Apple Should Stand Their Ground
Apple advocating that there is an inviolable right of privacy. Now there is no doubt that privacy is a fundamental human right (and one that is recognized in the UN Declaration of Human Rights and in other international and regional treaties); the Right to Privacy underpins human dignity and other key rights such as freedom of speech. The question is, to what extent should this right be protected (and is it an absolute right that overrules all other rights that might conflict with it?)
Facebook, Google and Twitter have come out in support of Tim Cook and Apple (one could almost overlook the fact that Google and Facebook give their own users very little in the way of privacy and use their users' information to deliver very targeted content!)
It does look like the right or privacy (in US Law anyway) is being aligned as being as inviolable as the Right to Freedom of Speech (although there are some limits to Freedom of Speech for things such as defamation) so it will be very interesting to see how this case develops
Apple Should Relent and Allow Access
Oliver Wendell Holmes summed up the delicate need to balance the rights of the individual (in this case the right to privacy) and the state when he said, "The right to swing my fist ends where the other man's nose begins." In essence, a person has the right to do anything they wish that is legal but when their actions have an illegal impact on others (or could potentially have an impact in cases of inchoate offences - i.e. illegal acts which have yet to be committed, attempts to commit crimes, incitement to commit crimes, or conspiracy to commit crimes), this basic Utilitarian argument is that the State has a right and a responsibility to act to protect its citizens (protect the many against those few who might not follows the law).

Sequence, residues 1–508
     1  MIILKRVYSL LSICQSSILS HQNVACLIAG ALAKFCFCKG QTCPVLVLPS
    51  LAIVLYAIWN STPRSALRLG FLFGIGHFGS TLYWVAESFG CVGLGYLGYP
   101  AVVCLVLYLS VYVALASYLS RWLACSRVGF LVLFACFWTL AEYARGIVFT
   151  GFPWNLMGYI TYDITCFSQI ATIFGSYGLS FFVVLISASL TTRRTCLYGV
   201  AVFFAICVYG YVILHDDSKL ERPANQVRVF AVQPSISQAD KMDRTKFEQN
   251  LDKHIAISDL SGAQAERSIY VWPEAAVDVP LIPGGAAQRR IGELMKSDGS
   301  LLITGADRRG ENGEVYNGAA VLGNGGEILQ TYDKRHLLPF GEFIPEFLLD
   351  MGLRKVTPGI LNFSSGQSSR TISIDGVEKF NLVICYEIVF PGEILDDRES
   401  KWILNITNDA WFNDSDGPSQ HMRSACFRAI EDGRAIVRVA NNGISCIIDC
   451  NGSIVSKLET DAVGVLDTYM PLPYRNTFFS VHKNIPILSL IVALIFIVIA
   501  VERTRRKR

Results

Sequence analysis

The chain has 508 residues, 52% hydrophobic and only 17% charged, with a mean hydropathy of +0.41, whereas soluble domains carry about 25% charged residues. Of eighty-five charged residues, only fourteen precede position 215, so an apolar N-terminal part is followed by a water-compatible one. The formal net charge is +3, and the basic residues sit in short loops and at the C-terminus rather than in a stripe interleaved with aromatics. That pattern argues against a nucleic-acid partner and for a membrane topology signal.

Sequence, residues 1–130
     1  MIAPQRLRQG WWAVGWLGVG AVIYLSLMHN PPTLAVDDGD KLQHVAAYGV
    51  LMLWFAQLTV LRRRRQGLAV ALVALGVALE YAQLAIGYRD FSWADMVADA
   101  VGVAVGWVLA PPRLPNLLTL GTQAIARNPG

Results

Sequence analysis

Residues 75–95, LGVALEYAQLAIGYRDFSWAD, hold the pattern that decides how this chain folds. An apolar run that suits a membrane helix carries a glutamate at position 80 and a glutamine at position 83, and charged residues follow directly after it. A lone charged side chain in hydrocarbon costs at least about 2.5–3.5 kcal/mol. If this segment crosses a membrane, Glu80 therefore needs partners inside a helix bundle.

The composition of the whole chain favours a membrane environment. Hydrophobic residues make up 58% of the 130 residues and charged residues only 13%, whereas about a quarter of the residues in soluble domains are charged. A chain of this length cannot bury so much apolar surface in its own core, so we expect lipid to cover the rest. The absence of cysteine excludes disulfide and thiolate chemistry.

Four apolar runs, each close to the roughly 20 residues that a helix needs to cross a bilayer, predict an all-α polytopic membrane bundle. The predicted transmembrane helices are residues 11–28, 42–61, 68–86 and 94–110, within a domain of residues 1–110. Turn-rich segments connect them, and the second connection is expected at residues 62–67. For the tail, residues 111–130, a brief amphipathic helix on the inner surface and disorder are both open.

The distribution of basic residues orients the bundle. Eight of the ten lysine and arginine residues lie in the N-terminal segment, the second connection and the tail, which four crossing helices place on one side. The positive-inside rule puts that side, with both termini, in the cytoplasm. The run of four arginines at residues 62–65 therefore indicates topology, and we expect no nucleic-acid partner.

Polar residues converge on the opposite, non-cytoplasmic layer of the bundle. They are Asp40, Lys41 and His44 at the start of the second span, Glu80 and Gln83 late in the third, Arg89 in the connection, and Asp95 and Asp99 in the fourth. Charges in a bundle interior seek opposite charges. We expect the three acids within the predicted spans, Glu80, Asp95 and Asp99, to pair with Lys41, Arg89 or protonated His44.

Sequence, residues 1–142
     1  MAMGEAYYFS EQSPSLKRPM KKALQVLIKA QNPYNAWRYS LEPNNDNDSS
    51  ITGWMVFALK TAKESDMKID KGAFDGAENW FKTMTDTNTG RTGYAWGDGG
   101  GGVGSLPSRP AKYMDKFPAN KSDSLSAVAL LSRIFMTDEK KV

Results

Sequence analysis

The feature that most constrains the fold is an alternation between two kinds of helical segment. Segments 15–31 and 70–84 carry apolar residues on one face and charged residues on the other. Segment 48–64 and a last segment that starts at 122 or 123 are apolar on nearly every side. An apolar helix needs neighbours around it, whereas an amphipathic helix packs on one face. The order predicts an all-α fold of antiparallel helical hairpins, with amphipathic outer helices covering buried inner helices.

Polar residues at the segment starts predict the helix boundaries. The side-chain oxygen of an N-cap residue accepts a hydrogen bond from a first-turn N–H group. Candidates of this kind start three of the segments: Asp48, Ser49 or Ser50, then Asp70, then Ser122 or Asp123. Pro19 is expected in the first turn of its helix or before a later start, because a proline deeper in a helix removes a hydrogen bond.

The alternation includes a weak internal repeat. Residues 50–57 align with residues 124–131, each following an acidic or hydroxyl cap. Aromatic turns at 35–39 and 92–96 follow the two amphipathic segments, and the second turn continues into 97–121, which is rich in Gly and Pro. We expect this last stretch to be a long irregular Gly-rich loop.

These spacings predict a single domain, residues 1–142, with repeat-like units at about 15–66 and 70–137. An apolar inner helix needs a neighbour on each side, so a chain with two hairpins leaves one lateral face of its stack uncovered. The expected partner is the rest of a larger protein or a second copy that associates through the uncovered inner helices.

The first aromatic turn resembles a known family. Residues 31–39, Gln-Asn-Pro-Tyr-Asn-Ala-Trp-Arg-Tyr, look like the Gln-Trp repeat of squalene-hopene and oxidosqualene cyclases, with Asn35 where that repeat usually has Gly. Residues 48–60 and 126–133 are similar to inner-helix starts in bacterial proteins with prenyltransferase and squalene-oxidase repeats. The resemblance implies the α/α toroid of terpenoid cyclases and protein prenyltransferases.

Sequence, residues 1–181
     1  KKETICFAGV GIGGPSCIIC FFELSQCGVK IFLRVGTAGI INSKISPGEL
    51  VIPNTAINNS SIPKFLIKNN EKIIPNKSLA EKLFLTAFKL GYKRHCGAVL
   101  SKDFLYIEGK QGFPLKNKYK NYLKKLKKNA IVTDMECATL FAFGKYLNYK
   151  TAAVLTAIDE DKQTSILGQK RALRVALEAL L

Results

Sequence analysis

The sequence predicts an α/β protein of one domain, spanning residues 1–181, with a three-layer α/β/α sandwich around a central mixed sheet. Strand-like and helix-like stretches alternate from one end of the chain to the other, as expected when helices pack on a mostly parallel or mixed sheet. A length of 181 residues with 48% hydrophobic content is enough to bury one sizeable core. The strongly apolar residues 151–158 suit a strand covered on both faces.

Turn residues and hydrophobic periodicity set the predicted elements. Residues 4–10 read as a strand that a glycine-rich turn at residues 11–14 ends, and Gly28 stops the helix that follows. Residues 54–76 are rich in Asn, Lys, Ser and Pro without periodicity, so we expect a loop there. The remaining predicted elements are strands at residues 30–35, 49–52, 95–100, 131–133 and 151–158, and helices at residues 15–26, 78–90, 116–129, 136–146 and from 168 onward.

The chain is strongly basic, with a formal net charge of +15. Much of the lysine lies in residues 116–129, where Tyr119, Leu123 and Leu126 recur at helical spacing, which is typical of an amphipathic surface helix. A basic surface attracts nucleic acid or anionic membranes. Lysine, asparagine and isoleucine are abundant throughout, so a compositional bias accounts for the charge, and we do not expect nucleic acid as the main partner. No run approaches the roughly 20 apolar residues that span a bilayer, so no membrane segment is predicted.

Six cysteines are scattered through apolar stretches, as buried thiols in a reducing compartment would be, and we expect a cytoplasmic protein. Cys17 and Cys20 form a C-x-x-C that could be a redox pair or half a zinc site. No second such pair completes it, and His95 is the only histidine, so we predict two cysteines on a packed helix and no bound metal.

Not all the tech companies and personalities are in absolute agreement with Apple, Bill Gates challenged the “backdoor” characterization of Apple’s Tim Cook which could be construed by some as Tim Cook trying to bring more of an emotional element to the argument (where non should exist).
What is the Answer
Now I personally have not made up my mind about this case and am still undecided (and I think more consideration of the issues will be needed before I can decide either way and this is a very complicated issue) but the Pew Research Center found that the FBI's perspective is slightly more popular with 51 per cent of those surveyed saying they felt Apple should unlock the phone, 38 per cent saying the company should not, with 11 per cent being undecided.
When talking to my students, about half were in favour of Apple complying and half thought Apple were absolutely correct to refuse to cooperate.
Below are a couple of videos that outline both of the opposing views:
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